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Question #90485 posted on 10/12/2017 10:20 a.m.
Q:

Dear 100 Hour Board,

I recently read A Long Way Home by Saroo Brierley. He mentioned that his adoptive parents were not allowed to adopt until much later than they wanted because it used to be a law in Tasmania that if you were a fertile couple it was illegal to adopt. Why would a country not be supportive of adoption by fertile parents?

The book also mentioned that there's acity in India called Salt Lake City. Is this named after the city in Utah or is it a coincidence?

-Christmas Cactus

A:

Dear Where Do You Put The Ornaments,

This question has two parts. The first part is why a country would not support adoption by fertile parents. One reason could be that the country has low fertility and is worried that adoption by fertile parents would discourage fertile couples from having children. In some countries in Europe low fertility is a pretty big issue because there aren't enough people in the rising generation to replace jobs or care for the aging older generations.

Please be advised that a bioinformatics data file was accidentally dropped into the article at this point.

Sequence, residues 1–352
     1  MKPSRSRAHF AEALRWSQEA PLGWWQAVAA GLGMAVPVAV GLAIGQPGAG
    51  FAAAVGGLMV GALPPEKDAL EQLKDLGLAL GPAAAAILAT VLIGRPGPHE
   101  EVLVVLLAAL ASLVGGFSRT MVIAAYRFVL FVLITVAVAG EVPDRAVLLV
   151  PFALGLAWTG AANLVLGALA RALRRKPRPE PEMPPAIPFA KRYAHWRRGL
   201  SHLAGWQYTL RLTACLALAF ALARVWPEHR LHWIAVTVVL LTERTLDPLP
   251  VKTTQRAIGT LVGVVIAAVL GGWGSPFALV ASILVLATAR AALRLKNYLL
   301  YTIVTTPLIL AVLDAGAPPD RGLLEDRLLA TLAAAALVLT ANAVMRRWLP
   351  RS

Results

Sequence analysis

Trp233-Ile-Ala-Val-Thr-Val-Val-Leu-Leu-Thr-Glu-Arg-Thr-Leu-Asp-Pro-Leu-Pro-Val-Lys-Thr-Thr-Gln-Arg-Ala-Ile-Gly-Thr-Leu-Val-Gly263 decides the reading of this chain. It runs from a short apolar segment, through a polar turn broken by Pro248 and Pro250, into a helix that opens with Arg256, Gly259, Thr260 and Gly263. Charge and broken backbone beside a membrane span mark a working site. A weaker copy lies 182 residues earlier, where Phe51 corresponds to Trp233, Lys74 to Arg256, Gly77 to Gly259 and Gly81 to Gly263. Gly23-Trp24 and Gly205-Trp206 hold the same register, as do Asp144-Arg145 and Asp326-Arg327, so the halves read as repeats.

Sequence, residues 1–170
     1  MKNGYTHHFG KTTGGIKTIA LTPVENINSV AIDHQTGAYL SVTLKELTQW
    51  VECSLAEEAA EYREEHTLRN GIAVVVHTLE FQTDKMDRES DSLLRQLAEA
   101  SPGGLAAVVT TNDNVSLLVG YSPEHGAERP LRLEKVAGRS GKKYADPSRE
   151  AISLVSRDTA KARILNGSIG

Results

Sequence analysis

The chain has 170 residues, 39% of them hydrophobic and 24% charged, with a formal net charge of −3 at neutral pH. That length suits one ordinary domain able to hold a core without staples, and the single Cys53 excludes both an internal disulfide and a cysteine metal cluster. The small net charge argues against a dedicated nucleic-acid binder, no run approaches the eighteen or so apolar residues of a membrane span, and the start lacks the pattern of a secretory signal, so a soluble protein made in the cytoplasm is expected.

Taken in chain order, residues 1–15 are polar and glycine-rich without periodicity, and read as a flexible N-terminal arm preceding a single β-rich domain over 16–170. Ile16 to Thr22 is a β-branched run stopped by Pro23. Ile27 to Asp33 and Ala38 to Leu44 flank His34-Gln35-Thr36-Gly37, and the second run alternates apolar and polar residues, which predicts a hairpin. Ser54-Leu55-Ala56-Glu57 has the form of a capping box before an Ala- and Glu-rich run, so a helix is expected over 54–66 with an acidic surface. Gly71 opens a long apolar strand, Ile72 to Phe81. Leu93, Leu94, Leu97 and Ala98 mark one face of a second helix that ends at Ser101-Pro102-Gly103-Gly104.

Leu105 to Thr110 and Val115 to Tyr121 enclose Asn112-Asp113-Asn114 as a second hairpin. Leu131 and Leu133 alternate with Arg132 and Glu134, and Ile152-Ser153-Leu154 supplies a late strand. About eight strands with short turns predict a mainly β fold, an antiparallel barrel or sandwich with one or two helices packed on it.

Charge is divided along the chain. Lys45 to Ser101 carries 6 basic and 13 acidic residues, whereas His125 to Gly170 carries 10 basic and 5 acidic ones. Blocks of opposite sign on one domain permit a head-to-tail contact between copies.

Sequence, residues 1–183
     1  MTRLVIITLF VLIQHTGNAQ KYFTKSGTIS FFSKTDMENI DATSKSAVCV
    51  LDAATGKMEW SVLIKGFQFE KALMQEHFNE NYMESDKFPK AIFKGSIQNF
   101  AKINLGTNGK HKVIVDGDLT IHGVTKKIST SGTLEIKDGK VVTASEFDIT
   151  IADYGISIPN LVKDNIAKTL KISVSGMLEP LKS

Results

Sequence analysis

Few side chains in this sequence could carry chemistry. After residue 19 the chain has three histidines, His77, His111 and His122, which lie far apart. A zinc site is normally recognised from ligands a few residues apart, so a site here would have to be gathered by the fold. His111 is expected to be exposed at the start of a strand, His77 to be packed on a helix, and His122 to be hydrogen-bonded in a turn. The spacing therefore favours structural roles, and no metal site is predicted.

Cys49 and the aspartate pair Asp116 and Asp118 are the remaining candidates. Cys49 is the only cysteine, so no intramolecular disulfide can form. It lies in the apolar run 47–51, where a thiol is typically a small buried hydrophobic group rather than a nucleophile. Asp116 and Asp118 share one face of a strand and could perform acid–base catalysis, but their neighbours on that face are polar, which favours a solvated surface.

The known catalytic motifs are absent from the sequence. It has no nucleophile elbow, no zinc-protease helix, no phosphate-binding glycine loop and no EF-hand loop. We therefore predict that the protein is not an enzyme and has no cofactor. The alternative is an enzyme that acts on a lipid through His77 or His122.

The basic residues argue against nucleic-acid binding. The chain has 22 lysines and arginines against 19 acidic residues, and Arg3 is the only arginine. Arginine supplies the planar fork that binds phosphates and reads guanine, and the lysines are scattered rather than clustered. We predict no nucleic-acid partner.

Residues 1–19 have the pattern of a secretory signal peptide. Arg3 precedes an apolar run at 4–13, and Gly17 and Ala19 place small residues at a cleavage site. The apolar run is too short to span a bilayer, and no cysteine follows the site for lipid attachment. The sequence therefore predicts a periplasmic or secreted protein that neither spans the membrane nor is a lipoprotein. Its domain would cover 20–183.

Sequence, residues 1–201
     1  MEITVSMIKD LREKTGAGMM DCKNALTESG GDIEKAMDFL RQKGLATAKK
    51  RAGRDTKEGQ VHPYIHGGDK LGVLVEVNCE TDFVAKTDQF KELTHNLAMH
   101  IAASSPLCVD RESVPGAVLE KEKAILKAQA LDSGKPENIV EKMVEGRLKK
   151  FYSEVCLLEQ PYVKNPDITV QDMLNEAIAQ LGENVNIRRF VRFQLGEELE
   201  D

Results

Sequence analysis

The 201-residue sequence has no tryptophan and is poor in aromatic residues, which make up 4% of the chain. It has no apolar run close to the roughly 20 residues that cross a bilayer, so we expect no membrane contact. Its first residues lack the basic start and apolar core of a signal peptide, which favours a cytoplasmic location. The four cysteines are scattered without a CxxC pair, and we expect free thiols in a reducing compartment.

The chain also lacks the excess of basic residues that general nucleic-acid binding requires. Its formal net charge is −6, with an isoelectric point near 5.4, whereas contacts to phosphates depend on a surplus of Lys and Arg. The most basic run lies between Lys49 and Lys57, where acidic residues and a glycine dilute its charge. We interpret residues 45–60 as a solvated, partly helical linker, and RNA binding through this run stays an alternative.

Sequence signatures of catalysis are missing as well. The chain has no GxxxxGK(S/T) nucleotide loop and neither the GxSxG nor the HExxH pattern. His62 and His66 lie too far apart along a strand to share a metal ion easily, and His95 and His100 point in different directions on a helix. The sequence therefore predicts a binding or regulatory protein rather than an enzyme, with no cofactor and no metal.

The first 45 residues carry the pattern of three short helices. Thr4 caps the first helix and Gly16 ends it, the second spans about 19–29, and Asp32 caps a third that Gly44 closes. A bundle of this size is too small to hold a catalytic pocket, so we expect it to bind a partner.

To answer the second part of your question, the city of Bidhannagar in the Indian sate of West Bengal is nicknamed Salt Lake City (source). Bidhannagar was founded in the early 1960's so it's possible that it could have drawn inspiration from Salt Lake City, Utah. It was founded beside a salty lake bed, so it appears that's where the nickname comes from. I couldn't find any evidence to prove that the two city names are/aren't connected, but Salt Lake City in India probably just got its name from the nearby salt lake. It turns out that Salt Lake is a pretty common name for cities founded near salty lakes.

Peace,

Tipperary